The Frater    (Refectory, Fraterhouse, Fratry)         

Shared meals in a monastery were as ritualistic as all other parts of the religious life.  In monasteries, such as Beaulieu, where there lived Lay Brothers as well as Ordained Monks, the ritual of mealtime was kept separately, and each group had their own washing sink and dining hall, though both were served by the same kitchen.

Only one meal was served per day, and for that meal the monks processed from the church through the cloister to the refectory, underwent washing at the lavatory sinks, washing their hands, faces, and knives, and then, when the Kitchener (and cook) announced the meal was ready, they processed into the frater.  They sang psalms before and after taking their meal, which was always served with a loaf of bread, this signifying the sharing of bread among Christians.  No talking was permitted, every monk instead listened to the Reader who read a scripture from the pulpit in the refectory.  Sometimes talking was allowed, but then only very quietly as necessary between the prior or abbot and his guests.

Any food left uneaten at the end of the meal was taken into a basket and given to the poor.  In addition, one extra meal was always prepared and one poor man chosen to come into the refectory to receive it. 


From English Monastic Life, by F.A. Gasquet:

The refectory, sometimes called the fratry or frater-house, was the common hall for all conventual meals.  Its situation in the plan for a monastic establishment was almost always as far removed from the church as possible, that is, it was on the opposite side of the cloister quadrangle and, according to the usual plan, in the southern walk of the cloister.  The reason for this arrangement is obvious.  It was to secure that the church and its precincts might be kept as free as possible from the annoyance caused by the noise and smells necessarily connected with the preparation and consumption of the meals.

            As a rule, the walls of the hall would no doubt have been wainscotted.  At one end, probably, great presses would have been placed to receive the plate and linen, with the salt-cellars (salt dispenser), cups and other ordinary requirements of the common meals.  The floor of a monastic refectory was spread with hay or rushes, which covering was changed  three or four times in a year ; and the tables were ranged in single rows lengthways, with the benches for the monks upon the inside, where they sat with their backs to the paneled walls.  At the east end, under some sacred figure, or painting of the crucifix, or of our Lord in glory, called the Majestas, was the mensa major, or high table for the superior.  Above this the Scylla or small signal-bell was suspended.  This was sounded by the president of the meal as a sign that the community might begin their refection, and for the commencement of each of the new courses.  The pulpit, or reading-desk, was, as a rule, placed upon the south side of the hall, and below it was usually placed the table for the novices, presided over by their master.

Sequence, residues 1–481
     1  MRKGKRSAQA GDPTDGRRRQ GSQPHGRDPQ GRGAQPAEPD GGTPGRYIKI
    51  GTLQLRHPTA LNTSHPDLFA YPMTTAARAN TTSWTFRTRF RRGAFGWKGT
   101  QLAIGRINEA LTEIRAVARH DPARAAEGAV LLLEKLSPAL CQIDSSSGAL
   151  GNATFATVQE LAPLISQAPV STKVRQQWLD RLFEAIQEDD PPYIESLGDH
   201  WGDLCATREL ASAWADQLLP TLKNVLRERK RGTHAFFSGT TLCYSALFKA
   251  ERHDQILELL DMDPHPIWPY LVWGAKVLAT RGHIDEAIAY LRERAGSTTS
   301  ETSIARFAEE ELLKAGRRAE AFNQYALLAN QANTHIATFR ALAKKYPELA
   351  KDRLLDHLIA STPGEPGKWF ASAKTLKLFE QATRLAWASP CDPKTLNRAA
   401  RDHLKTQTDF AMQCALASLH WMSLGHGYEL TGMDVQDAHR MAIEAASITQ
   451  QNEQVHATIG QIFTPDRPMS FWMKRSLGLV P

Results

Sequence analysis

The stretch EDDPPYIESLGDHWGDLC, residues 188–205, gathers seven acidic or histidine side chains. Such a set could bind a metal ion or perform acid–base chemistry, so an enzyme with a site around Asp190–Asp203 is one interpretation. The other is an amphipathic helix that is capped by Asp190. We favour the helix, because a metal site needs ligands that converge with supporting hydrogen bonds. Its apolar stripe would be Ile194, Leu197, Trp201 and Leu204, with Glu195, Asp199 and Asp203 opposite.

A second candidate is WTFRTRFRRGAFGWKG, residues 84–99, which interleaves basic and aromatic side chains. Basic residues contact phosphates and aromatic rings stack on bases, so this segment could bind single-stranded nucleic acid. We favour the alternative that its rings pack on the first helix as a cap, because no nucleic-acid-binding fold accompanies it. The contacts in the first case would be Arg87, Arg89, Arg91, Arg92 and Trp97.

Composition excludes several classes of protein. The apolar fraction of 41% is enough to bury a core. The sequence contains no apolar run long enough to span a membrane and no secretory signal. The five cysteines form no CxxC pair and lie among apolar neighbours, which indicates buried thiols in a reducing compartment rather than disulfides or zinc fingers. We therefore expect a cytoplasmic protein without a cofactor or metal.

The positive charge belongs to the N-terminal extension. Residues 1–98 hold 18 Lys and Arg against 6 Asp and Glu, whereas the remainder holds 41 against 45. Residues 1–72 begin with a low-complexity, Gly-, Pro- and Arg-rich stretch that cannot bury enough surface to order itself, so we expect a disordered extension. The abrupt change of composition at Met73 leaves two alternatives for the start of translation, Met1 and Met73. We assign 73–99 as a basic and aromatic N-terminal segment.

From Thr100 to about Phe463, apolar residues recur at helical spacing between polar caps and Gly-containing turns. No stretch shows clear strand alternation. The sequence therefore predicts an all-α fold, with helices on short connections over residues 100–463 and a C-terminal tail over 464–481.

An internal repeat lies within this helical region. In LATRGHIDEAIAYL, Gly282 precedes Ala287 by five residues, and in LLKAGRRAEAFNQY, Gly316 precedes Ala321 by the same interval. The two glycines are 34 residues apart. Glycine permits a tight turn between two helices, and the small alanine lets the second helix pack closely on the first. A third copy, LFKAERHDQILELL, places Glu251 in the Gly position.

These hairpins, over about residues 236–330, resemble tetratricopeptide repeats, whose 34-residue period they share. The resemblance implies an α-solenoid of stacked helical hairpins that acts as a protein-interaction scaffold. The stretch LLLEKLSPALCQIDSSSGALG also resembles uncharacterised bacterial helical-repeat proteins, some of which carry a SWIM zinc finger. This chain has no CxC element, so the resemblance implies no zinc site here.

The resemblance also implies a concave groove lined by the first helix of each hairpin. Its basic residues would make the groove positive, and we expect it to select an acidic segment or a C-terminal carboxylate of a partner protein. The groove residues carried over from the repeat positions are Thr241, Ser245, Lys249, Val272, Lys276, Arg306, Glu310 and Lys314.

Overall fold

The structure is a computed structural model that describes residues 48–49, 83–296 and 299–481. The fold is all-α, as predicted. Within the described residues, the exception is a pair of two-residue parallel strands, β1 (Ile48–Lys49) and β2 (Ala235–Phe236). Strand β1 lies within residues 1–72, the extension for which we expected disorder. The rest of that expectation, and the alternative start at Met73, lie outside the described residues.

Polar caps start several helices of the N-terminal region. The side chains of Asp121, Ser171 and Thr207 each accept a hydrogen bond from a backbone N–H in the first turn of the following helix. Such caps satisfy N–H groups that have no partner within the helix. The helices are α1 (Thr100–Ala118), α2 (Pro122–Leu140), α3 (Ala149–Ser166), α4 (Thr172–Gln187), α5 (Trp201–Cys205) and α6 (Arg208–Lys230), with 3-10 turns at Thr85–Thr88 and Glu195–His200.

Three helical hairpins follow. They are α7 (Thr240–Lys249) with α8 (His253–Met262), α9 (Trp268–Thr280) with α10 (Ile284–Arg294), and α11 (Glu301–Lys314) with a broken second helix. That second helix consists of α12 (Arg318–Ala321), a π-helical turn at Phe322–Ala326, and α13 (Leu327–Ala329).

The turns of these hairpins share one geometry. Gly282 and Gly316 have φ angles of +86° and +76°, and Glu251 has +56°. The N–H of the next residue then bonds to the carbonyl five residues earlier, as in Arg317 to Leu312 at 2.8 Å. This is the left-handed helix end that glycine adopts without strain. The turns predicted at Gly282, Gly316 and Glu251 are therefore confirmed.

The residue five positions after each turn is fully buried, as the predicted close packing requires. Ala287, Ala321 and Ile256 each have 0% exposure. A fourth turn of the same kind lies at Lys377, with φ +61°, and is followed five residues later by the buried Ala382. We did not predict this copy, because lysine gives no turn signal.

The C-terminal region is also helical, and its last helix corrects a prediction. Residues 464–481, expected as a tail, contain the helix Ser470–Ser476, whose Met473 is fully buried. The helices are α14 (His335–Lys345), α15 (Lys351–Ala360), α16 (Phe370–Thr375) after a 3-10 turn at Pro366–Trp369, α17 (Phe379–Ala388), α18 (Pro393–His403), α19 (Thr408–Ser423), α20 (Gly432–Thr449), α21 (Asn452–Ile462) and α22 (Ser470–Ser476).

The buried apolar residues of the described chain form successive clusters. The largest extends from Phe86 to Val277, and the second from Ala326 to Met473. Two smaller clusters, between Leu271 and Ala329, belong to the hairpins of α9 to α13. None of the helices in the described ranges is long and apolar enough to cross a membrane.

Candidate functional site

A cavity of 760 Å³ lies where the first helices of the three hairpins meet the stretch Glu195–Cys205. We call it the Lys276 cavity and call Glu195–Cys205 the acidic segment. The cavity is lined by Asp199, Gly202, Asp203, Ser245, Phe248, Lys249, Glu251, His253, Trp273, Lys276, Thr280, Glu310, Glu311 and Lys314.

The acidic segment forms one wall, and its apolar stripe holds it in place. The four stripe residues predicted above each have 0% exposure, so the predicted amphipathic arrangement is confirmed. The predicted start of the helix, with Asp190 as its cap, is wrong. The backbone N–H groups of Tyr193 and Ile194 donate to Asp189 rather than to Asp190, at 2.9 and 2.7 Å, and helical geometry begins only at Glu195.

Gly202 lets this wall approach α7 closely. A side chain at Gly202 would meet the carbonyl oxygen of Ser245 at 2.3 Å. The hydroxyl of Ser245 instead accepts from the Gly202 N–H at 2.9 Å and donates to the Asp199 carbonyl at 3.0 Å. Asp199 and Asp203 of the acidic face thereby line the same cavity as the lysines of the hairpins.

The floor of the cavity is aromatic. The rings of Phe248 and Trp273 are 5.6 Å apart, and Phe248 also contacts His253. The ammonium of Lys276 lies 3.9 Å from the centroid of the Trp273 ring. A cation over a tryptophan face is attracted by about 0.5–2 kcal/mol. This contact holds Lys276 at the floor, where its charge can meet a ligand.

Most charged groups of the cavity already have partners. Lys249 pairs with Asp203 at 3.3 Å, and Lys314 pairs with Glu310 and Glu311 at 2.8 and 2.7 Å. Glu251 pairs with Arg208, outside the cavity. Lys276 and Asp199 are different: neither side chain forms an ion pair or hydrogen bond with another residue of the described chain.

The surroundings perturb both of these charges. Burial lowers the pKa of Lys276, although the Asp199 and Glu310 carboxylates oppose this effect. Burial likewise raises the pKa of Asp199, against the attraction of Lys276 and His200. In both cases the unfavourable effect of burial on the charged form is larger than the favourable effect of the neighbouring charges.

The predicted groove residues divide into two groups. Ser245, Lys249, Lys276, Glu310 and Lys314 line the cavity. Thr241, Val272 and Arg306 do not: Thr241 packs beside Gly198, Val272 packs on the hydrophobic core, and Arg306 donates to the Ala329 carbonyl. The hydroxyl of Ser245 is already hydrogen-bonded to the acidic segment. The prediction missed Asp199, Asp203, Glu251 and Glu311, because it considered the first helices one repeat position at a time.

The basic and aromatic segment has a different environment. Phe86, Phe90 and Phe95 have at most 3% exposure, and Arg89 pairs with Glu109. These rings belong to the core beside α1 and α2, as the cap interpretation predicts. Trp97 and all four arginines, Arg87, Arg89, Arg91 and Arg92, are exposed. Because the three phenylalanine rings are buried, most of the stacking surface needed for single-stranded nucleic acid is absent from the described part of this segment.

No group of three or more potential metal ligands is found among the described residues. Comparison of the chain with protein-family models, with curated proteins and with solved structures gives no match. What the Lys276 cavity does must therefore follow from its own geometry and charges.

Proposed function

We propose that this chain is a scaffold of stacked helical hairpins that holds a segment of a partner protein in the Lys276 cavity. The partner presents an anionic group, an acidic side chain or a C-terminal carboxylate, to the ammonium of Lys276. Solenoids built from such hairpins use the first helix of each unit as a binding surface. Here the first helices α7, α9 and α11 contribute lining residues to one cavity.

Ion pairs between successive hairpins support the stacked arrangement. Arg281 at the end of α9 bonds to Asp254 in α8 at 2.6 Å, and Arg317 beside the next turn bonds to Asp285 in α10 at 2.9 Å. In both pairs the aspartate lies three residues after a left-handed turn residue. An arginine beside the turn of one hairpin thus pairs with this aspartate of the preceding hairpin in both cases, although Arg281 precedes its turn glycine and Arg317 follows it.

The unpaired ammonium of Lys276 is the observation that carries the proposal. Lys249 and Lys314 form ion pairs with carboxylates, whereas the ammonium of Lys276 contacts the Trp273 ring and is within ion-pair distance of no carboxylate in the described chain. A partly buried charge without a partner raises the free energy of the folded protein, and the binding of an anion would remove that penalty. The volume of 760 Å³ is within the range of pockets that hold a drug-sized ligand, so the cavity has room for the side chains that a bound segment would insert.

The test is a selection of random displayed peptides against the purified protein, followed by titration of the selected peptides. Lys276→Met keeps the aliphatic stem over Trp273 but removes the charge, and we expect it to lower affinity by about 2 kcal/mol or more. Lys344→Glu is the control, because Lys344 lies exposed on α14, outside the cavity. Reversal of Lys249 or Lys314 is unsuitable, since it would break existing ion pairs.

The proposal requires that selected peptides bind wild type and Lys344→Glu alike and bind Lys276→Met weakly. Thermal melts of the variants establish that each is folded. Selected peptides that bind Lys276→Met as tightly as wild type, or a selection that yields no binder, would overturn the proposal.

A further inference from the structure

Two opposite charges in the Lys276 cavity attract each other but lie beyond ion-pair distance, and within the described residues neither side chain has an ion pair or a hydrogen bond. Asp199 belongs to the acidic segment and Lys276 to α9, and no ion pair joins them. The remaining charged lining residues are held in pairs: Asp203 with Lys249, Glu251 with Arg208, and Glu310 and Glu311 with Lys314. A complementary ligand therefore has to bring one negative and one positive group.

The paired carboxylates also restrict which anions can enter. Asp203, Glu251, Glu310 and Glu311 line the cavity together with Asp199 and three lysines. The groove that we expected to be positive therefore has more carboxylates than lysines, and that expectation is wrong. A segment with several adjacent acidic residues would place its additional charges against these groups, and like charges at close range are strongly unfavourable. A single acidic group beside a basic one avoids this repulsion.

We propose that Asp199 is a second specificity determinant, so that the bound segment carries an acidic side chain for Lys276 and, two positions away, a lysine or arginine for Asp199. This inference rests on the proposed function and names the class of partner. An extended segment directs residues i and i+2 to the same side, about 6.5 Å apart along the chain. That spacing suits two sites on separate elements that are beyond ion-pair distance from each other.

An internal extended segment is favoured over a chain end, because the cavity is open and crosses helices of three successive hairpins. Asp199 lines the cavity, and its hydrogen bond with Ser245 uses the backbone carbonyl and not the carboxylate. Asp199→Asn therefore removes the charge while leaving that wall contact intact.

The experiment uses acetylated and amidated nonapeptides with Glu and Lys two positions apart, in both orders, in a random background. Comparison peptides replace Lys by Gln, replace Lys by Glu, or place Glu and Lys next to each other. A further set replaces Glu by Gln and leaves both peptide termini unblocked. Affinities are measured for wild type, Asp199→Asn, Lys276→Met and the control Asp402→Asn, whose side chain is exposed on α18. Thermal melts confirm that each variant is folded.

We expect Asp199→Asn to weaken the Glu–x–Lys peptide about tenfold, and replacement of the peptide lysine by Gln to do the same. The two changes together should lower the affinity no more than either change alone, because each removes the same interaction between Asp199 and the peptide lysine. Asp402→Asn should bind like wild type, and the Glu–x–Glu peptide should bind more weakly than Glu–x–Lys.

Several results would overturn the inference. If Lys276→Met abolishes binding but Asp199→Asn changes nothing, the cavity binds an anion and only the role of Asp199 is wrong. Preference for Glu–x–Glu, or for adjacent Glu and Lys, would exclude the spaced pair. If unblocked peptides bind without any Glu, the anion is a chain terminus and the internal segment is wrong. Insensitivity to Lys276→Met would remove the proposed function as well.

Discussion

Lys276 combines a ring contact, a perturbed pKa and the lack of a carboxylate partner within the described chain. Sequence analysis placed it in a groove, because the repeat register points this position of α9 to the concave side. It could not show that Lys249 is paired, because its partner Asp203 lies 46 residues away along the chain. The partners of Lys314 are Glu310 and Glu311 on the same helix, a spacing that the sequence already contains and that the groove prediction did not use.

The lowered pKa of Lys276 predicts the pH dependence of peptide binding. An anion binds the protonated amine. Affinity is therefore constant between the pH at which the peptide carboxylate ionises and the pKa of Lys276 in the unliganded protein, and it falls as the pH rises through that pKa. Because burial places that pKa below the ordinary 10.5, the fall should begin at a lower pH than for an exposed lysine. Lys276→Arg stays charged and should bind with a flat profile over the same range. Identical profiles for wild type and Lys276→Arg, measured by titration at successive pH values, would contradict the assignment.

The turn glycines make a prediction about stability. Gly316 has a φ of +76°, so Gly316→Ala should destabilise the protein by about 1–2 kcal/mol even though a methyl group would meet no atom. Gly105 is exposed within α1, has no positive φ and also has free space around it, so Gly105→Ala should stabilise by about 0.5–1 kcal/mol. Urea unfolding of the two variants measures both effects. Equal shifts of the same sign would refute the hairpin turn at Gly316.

Amongst the other weekly officials may be noted the servers and the readers at meals.  These brethren could take something to eat and drink before the community came to the refectory, in order the better to be able to do their duty.  The reader was charged very strictly always to prepare what he had to read beforehand and to find the places, so as to avoid all likelihood of mistakes.  He was to take the directions of the cantor (liturgist) as to pronunciation, pitch of the voice, and at the rate at which he was to read in public.  If he were ill, or for any other reason was unable to perform his duty, the cantor had to find a substitute. 

The servers began their week of duty by asking a blessing in church on Sunday morning.  They were at the disposal of the refectorian during their period of service, and followed his directions as to waiting on the brethren at meal times, preparing the tables, and clearing them after all had finished. 


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